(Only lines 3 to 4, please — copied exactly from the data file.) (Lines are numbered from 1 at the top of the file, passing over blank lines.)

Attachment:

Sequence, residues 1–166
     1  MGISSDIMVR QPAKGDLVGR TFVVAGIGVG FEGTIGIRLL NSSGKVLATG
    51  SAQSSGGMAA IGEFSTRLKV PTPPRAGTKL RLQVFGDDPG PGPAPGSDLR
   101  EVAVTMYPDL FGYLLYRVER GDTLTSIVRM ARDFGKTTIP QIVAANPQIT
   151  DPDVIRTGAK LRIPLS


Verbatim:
    51  SAQSSGGMAA IGEFSTRLKV PTPPRAGTKL RLQVFGDDPG PGPAPGSDLR
   101  EVAVTMYPDL FGYLLYRVER GDTLTSIVRM ARDFGKTTIP QIVAANPQIT